This is a ‘natural’ space which looks to be designed for eco education for school kids.  It is only open to the public for a couple of hours on Saturday afternoon.  There is a pond filled with tadpoles complete with a display on the life cycle of the frog.

And there are eco exhibits like this bug house as well as signs and exhibits identifying the local flora.

And you know it is a secret garden when you spot the back gate.

Musee Albert Kahn

Another secret garden which is mysteriously absent from guidebooks is the charming Musee Albert Kahn located at the St. Cloud Bologne metro stop.  It is easy to locate from the metro but if you arrive at its formal address on the opposite side you are met with locked gate.

Albert Kahn, a French banker and philanthropist, set out in the early 1900s to photograph cultures around the world.  He sent over 50 photographers out to capture traditional cultures and ways of life — and these stunning photographs are displayed at the Albert Kahn Museum.  There are 72,000 autochromes i.e. early color photographs in the collection.  His collection is sometimes referred to as the ‘archives of the planet.’

The museum is on the edge of the grounds of his home and also contains his gardens.  Kahn was fascinated by various forms of gardens and so set out  to recreate several styles in his back yard.  Like Disneyland — lots of disparate ‘lands’ are artfully fitted into the fairly small space — about 10 acres including the buildings.  It is an exquisite place.

We entered at the traditional Japanese garden which contains a tea house where ceremonies are performed.

Past the teahouse is an English country ramble with ponds and a rustic bridge and grotto.

and then one enters a woods that yields to a prairie wilderness with plants from the Vosges forest.

followed by a swampy area with cattails and grasses.

There were quite a few people sketching — some looked like botonists interested in the flora — others like artists practicing their sketching skills.

I skipped the rose garden as the roses are not quite yet in bloom and wandered into the espaliered French garden.  Here there are espaliered fruit trees and trees so aggressively trained that they form fence rails .  The espalier techniques are designed to create two-dimensional forms from three- dimensional flora.

Here is Ed in his usual position at the edge of the formal French garden across from the Palm House.  Kate you will note the eco friendly water bottles and the stylish ‘man bag.’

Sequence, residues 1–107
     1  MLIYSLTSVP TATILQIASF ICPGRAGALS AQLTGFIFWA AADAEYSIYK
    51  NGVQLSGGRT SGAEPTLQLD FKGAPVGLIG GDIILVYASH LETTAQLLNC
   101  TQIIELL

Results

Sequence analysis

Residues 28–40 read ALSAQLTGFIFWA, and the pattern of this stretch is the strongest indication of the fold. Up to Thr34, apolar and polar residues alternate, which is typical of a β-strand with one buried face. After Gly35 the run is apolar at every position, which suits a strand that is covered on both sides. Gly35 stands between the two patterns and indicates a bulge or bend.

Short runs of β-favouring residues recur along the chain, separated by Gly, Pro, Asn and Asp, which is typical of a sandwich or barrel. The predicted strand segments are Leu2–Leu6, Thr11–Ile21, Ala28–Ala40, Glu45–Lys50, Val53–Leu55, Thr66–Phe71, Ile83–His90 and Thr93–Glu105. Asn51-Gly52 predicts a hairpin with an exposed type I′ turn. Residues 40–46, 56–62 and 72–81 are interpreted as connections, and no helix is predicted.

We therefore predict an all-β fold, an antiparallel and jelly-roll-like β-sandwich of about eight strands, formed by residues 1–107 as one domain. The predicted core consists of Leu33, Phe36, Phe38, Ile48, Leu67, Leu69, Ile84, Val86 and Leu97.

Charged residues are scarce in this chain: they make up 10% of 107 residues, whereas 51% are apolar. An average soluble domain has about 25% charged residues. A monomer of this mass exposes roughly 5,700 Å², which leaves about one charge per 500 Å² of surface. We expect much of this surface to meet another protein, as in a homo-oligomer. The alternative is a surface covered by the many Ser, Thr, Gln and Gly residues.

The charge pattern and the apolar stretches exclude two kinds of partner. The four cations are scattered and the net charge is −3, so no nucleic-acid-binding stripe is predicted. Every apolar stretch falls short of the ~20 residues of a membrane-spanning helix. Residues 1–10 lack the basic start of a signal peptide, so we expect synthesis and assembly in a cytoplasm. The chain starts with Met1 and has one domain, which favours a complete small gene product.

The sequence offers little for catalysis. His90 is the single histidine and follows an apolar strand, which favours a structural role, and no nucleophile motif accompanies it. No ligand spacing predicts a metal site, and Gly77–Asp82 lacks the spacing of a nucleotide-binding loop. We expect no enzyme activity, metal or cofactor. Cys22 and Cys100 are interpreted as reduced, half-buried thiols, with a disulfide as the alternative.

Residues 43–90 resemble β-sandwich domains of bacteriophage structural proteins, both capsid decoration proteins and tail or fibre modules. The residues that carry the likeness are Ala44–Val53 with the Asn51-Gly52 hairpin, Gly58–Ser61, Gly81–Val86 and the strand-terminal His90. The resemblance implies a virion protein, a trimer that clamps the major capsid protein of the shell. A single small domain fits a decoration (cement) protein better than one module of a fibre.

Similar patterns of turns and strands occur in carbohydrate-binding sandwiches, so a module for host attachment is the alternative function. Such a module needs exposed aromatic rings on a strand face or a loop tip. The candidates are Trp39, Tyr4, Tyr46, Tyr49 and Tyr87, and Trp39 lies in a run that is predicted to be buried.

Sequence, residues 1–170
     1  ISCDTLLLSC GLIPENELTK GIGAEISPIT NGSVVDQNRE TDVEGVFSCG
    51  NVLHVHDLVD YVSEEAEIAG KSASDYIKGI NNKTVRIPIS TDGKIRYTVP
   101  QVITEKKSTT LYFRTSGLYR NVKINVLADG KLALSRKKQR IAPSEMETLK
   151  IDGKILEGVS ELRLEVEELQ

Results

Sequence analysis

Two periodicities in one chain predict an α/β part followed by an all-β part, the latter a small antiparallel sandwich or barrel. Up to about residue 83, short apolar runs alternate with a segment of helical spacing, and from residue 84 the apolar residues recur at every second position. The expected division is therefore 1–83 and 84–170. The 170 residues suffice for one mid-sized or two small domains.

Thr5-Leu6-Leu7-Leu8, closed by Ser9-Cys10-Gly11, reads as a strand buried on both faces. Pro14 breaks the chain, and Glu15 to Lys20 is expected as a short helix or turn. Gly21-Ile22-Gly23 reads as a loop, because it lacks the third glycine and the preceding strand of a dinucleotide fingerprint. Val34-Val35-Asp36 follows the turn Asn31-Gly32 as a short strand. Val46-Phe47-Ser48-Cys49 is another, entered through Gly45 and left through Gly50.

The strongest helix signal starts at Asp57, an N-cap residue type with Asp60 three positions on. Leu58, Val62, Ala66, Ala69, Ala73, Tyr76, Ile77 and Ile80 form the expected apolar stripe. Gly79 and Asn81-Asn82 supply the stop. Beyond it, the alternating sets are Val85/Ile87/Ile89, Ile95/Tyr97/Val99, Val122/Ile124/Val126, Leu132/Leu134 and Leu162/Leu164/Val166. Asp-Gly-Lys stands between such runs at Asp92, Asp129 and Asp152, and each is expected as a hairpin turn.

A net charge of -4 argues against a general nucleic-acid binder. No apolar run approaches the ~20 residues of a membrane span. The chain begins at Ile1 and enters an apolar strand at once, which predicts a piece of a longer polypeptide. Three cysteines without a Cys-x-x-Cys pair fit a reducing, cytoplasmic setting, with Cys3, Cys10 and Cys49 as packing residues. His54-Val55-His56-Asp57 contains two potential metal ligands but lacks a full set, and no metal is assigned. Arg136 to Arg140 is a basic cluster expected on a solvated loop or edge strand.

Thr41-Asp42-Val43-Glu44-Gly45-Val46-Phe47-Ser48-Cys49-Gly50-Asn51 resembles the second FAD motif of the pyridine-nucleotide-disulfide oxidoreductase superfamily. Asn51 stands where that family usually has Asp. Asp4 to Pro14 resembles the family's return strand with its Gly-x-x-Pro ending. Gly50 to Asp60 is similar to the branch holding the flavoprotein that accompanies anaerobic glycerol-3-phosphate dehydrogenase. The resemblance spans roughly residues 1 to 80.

The end of the circle takes us into the modern Japanese water garden.We got there just as the azaleas were finishing but it is still a lovely space.

These boys are annoying the fish that are a dominant part of the water feature.

Even on a sunny Saturday afternoon there were only a few visitors to this oasis of tranquility.

And we were pretty pleased to be among them.

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2 Responses to Secret Gardens

  1. Kate Eyler-Werve says:

    My goodness – you guys are so good at finding all the hidden away spots!

    A small story about the pretty pink and white plant you have a photo of here: I was walking with Dad when he was here on a visit and we passed a little plot of those and tried to decide what they were. My guess was fritillaries, because of the poem with the line “hanging fritillaries.” A quick Google search revealed that fritillaries are a kind of butterfly as well as a kind of flower, and that’s probably what the line is about.

    It turns out that it’s very hard to find the name of a flower – most searches get you nowhere because all you have is a picture in your mind of what it looks like. So you can imagine how triumphant I felt when I rummaged up the name “bleeding heart” from the recesses of my memory and ran a search: correct!

    Tell Dad!

  2. Janet says:

    You are so right about that. There were several flowers in Monet’s garden that are a mystery to me. They have a web site with many of the flowers identified but it is difficult to use and is organized by name rather than picture.